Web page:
And scores!
@body:After years of teetering on the brink of superstardom, Neil finally finds his niche--an audience that loves him no matter how sullen he appears or how mawkish his lyrics have become. That audience is made up of housewives, blue-haired grannies, and cafeteria lunch ladies who take him to their collective bosom like the runt of a litter. All they ask in return is that he someday remake The Jazz Singer. His biggest album to date, ironically titled Moods, features an unsmiling Neil on the cover and a song that will take him from "Brooklyn Road" to middle-of-the-road almost overnight. It is "Song Sung Blue," the kind of tune that lives forever, falls into the public domain and is plundered by lyricists for Barney the Dinosaur.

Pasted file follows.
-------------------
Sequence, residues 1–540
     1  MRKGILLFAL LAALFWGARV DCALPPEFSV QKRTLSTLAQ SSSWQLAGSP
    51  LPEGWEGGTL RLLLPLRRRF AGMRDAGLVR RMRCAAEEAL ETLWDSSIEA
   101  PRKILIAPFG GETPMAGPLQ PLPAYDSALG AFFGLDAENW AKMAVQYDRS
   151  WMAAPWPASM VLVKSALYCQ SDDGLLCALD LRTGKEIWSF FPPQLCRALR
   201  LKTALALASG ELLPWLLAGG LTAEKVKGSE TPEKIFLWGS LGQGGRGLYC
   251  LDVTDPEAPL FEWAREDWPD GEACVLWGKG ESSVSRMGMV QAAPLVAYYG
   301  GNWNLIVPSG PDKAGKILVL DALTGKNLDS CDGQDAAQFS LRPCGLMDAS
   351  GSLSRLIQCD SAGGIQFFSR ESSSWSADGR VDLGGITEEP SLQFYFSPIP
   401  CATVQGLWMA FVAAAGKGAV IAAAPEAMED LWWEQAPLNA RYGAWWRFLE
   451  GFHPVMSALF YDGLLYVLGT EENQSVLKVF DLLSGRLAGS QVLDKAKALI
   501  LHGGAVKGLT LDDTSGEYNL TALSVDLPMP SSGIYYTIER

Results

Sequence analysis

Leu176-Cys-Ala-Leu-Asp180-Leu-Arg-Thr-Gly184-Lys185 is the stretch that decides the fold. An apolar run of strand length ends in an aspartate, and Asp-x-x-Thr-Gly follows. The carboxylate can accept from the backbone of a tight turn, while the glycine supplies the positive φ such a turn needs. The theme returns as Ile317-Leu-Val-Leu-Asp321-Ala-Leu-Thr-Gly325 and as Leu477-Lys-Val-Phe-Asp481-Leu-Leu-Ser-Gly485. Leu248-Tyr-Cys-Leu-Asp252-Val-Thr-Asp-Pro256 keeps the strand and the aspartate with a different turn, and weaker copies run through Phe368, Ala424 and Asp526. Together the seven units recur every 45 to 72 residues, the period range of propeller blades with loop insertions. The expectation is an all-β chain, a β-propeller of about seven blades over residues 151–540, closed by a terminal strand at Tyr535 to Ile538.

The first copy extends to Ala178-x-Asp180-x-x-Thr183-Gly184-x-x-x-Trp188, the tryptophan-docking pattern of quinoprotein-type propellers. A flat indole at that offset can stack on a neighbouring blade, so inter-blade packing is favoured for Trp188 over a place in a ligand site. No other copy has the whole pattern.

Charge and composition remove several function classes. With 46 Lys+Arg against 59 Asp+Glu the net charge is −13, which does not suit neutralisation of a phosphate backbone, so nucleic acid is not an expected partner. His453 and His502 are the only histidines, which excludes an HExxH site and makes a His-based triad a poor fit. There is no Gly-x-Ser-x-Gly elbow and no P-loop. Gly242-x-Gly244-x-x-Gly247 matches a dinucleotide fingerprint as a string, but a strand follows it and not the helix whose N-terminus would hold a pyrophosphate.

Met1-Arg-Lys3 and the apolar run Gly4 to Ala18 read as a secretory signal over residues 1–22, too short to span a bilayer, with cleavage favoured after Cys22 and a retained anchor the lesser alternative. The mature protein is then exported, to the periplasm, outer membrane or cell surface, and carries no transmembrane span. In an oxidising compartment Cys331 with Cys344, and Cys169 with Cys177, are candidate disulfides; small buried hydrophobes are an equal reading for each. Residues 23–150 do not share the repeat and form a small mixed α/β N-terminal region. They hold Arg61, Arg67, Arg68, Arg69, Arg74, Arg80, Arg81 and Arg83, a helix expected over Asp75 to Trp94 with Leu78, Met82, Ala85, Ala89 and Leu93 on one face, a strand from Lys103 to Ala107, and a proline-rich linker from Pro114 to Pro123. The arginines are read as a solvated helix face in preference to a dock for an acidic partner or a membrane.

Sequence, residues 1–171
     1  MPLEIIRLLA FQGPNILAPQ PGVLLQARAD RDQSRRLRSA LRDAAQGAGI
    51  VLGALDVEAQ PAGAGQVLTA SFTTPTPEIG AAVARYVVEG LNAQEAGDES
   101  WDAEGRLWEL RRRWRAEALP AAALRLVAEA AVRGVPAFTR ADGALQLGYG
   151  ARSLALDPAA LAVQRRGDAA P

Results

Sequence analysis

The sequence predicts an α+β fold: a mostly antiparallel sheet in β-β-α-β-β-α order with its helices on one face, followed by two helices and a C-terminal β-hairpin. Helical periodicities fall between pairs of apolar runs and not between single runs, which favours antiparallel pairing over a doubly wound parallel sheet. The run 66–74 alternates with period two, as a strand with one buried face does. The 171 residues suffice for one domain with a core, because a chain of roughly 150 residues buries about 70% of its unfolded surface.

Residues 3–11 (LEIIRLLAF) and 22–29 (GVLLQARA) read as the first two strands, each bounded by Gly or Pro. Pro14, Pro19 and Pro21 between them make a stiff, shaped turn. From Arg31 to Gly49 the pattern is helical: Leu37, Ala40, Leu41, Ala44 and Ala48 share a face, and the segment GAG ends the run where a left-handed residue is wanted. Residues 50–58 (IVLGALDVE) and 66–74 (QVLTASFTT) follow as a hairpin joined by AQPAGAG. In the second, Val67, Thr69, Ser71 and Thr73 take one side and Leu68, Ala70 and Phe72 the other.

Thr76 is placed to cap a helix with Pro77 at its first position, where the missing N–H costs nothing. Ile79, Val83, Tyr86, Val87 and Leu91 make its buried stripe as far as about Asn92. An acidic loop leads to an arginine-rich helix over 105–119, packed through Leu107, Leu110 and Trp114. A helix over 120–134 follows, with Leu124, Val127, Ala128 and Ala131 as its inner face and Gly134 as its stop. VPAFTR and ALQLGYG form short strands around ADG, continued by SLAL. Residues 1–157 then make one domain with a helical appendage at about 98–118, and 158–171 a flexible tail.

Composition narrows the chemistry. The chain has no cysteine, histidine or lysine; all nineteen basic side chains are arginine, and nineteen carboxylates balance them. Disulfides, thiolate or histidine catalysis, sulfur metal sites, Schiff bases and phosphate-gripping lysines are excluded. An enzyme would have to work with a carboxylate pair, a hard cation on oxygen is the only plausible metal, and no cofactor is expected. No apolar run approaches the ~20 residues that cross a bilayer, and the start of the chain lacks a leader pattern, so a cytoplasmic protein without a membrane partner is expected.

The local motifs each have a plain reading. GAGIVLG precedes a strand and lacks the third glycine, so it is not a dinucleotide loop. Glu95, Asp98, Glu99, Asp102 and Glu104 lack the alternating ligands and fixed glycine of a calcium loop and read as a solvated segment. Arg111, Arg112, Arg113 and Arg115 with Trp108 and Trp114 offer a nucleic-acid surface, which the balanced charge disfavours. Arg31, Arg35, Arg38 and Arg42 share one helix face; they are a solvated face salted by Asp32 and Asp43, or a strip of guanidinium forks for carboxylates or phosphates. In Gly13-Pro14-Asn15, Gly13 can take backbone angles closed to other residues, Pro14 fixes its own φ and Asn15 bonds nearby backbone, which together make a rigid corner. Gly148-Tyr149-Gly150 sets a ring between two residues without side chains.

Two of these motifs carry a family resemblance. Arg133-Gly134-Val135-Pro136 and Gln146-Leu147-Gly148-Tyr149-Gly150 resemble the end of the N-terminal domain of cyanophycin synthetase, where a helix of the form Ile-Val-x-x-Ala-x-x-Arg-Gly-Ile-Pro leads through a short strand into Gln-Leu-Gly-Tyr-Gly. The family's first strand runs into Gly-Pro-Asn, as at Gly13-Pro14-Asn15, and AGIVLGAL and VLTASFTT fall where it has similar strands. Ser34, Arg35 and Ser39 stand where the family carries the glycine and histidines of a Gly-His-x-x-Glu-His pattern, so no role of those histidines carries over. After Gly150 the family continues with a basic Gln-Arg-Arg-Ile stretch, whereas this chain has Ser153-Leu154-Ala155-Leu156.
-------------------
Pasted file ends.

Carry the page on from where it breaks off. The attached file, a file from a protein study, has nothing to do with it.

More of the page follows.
@body:It is the early 70s, but Diamond isn't ready to abandon the rock generation without a fight. Still craving the chance to make significant utterings and secure the peace-and-love crowd, he nabs a plum assignment: penning the soundtrack to Jonathan Livingston Seagull. Here, he leans heavily on the "profound" button, injecting a lot of spiritual mumbo jumbo into the simple story of a bird who liked to shit on windshields.

By 1976, his often promised (threatened?) concept album about Tin Pan Alley, Beautiful Noise, is finally realized, and is produced by none other than the Dean of Significance, Robbie Robertson. For many nonfans-of-Neil, this move lends rock n' roll credence to Diamond's talents. The end result, however, is a dull offering that can't live up to the hype. When Neil appears at one of the Band's The Last Waltz concerts, he realizes he's a fish out of water, looking out to a sea of blue denim instead of blue hair.